Wilbert is the Founder and CEO of Think Act Prosper, an independently published global media and education company.
Business never runs smoothly, and at some point in any growing company, money becomes a pain point. How you react to the issues is your choice, and my own proven way of dealing with money issues is to use E.R.I.C.
When my first company ended its second year of operations, a major falling-out occurred between me and the majority of the fellow shareholders. Long story short, I had to buy all of them out, save for one, to keep the company afloat.
On top of that, they stopped their clients from paying their dues to the company. To make matters worse, I had just invested a large sum of money into our first business conference, due to start in five months’ time. I spent around $150,000 inviting some of the best speakers from the United States to speak at this event, which in hindsight was an extremely bold risk, considering it was my first attempt to organize such an event.
The buyout left me with an insufficient marketing budget to promote the event, resulting in a lack of sales. I was now burdened with three threatening issues at the same time: a buyout of shareholders, a severe lack of cash flow and the expenses of the business conference, which were soon due. The total amount that I had to cough up added up to almost $300,000.
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Part of me felt like I was backed against a wall, but without a plan B, I had to face my problems head on. When deciding how to get the company out of this deficit quickly and efficiently, I turned to the principles of E.R.I.C.
To start, get clear on where you are wasting time and eliminate low income-producing activity. One hour that some people use to make $10 is the same hour that other people use to make $10,000. Always aim high. Never be fearful; you aren’t going to solve a big debt problem with a low income anyway. Instead, go all out and provide superior service.
I sold things that I didn’t need or wasn’t using anymore. Remember, cash lying around not being used is a waste. It’s the same thing if your cash is tied up on items. I used that money to quickly invest in myself and my brand.
I changed my existing loan that had a shorter tenure and higher interest rate to longer tenure and lower interest rate. The idea is to reduce the “cash burn rate.” This allowed me to buy myself enough time so that I could come up with a plan and execute strategies to solve the $300,000 hole.
Another important aspect to this step is to reduce unnecessary spending. Start measuring everything, including tracking your expenses, and stop wasting money on things that aren’t contributing to helping pay off the debt. My personal goal became to beat my previous week’s spending, and after I started tracking I was able to reduce my weekly expenditures by 50%, mostly by paying attention and refusing to waste money on frivolities.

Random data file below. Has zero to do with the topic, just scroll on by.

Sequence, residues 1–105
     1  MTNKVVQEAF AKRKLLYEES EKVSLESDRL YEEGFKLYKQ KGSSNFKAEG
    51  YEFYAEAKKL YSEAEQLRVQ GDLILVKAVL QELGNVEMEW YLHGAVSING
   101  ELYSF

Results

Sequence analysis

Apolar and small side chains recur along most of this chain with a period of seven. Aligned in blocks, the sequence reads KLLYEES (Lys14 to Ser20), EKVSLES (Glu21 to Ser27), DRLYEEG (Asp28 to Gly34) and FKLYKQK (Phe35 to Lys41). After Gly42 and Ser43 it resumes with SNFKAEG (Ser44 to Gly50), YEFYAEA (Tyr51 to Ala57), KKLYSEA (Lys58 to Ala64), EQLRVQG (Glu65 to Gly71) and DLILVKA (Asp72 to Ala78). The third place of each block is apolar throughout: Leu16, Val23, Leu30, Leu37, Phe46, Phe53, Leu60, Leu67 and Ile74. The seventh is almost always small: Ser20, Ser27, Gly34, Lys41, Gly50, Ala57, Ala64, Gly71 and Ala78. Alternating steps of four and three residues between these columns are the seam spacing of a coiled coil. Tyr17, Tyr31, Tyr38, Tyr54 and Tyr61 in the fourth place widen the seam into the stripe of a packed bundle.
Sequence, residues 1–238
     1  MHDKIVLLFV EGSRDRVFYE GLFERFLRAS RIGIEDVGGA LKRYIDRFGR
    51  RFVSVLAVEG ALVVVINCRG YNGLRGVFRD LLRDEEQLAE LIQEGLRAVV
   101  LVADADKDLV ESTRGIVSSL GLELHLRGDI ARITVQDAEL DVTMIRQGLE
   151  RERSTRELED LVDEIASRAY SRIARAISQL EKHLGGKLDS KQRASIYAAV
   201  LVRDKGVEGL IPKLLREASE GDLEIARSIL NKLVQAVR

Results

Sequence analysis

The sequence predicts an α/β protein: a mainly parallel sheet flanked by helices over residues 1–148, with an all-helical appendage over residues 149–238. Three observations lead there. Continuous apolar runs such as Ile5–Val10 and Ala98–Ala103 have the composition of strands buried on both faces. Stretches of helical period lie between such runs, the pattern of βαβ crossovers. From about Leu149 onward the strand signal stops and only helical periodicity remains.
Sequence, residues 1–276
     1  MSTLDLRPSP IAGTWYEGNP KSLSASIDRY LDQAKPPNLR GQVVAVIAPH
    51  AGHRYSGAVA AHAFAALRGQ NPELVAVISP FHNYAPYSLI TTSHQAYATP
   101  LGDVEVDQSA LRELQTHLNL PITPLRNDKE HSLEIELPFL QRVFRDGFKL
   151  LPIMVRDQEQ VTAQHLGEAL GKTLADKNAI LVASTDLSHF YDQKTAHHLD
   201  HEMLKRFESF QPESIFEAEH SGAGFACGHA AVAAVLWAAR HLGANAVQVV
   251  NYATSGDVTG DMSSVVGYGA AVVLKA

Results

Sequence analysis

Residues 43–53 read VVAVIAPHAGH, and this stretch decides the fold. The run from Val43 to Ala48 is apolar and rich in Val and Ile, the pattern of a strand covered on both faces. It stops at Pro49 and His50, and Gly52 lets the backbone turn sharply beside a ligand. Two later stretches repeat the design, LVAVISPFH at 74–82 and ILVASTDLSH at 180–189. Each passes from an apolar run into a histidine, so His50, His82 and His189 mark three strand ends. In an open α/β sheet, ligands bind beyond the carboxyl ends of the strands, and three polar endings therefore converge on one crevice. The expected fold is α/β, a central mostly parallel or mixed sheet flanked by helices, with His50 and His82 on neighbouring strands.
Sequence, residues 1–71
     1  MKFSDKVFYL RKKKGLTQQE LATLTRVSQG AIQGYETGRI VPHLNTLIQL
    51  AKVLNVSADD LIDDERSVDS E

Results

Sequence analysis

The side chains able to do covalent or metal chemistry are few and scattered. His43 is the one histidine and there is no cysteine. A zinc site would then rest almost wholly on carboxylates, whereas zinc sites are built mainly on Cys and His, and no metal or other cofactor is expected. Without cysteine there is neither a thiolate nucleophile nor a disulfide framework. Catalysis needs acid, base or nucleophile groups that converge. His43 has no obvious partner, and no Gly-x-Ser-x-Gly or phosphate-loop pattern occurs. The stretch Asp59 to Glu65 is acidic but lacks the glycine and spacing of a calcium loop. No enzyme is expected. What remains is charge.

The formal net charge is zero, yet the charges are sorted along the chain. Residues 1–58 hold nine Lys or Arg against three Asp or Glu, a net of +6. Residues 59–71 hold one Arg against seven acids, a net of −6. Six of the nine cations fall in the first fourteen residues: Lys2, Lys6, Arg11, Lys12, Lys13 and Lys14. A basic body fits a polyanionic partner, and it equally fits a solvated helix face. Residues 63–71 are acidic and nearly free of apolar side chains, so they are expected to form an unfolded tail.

Following that, make note of all your activities that are generating income and ask yourself if it’s possible to build on them and/or scale them up. Are you able to get more clients? Can you provide more services to your clients to create more revenue? Can you deliver a better service and therefore charge more?
These were some of the questions that I pondered frequently, centered around increasing the quality and quantity of my income-generating activities and what I could provide for clients. Many businesses have found that having existing customers that make repeat or additional purchases is more valuable than attracting new customers, and brainstorming ways to provide more value to my existing client base allowed me to increase my income.
Now it’s time to ask yourself the big questions: What are you passionate about and good at, but haven’t started monetizing? I realized that I was not utilizing my network. I started providing customized services to clients from all over the world, becoming a broker of everything. I put deals together for clients, made introductions for them and helped bring them to places where they potentially wanted to start their own businesses. If I couldn’t provide a solution myself, I’d either outsource it to someone, or learn from a mentor, then present the solution to my client at a premium.
Asking the big questions about your own possibilities can stimulate your ability to think out of the box to come up with new ways of generating income from your passions. If you can identify your skill set and your passions, these can be leveraged to become another source of income while you get to do what you’re passionate about. The possibilities are endless.
In hindsight, while I didn’t like the stress that happened to me at that point of time, I appreciate it now, considering that it made me better and stronger. I managed to get out of debt within six months, and the first business turned out to be a success.
As the saying goes, diamonds are formed under pressure, and I now know that I needed to experience those hardships in order to learn new skills — like applying the E.R.I.C. framework — to take my life and work to the next level. Since then, I’ve always reminded myself that in every crisis lies an opportunity to rise and shine.